10.On June 1, 2017, Davco requested that DCC retender the current standing offer because it had been awarded on an unfair basis as the offer prices did not reflect the full cost of the work.
11.On June 19, 2017, DCC responded by telephone to Davco’s June 1 email. DCC stated that the standing offer had been awarded based on what was stated in the tender documents and that the procurement would not be retendered.
12.On June 26, 2017, Davco filed its complaint with the Tribunal. Davco’s complaint is that it is contrary to standard practice to allow for the negotiation of mobilization and demobilization costs after the award of the standing offer and that this results in a contract that does not provide best value for the government. In addition, Davco submits that this practice provides an unfair advantage to contractors who are geographically distant. As a remedy, Davco requested that the standing offer be retendered in a manner that fully reflects all costs associated with the work. Davco also requested its bid preparation costs.
13.For the following reasons, the Tribunal has decided not to conduct an inquiry into this complaint.
14.Subsection 7(1) of the Regulations sets out three conditions that must be satisfied before the Tribunal may conduct an inquiry in respect of a complaint. One of these conditions is that the complaint be in respect of a designated contract.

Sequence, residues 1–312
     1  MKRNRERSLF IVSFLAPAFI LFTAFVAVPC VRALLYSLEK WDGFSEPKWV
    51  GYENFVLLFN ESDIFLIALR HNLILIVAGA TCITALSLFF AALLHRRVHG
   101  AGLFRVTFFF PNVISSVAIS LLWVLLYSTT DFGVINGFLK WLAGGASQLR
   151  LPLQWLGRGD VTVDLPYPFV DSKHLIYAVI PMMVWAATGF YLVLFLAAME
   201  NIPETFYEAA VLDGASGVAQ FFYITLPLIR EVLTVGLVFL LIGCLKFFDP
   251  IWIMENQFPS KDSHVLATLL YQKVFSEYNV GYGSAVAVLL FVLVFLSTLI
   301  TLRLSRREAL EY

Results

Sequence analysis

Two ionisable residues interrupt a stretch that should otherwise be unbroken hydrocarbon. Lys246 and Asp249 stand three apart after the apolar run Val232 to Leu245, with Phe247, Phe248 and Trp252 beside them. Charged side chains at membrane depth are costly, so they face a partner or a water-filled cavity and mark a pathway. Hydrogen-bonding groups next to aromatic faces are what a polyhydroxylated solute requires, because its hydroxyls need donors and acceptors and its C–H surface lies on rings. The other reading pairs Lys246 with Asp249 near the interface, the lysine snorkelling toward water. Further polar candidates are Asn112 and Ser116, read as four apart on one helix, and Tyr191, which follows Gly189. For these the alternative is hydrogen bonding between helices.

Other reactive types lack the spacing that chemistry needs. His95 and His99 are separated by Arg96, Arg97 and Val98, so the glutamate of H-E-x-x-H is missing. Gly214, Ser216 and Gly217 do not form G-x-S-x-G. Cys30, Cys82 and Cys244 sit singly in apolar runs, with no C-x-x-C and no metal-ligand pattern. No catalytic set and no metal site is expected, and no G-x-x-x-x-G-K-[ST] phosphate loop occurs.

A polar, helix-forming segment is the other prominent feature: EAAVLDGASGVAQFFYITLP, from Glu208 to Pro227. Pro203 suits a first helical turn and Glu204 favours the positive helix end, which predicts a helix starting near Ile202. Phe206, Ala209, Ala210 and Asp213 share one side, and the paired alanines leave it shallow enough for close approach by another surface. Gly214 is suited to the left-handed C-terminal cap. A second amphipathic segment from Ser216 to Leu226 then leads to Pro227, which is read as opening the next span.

15.To be considered as a designated contract, a contract for the supply of goods and services must, inter alia, meet the monetary thresholds prescribed by the trade agreements.
16.The RFSO sought hourly rates for the provision of various types of heavy lifting equipment with operator as well as additional site personnel. Accordingly, the Tribunal finds that this procurement is for construction services. Therefore, the applicable monetary thresholds are $100,000 under the Agreement on Internal Trade, $8,500,000 under the Agreement on Government Procurement, and $14,300,000 under the North American Free Trade Agreement as well as all other potentially applicable bilateral trade agreements.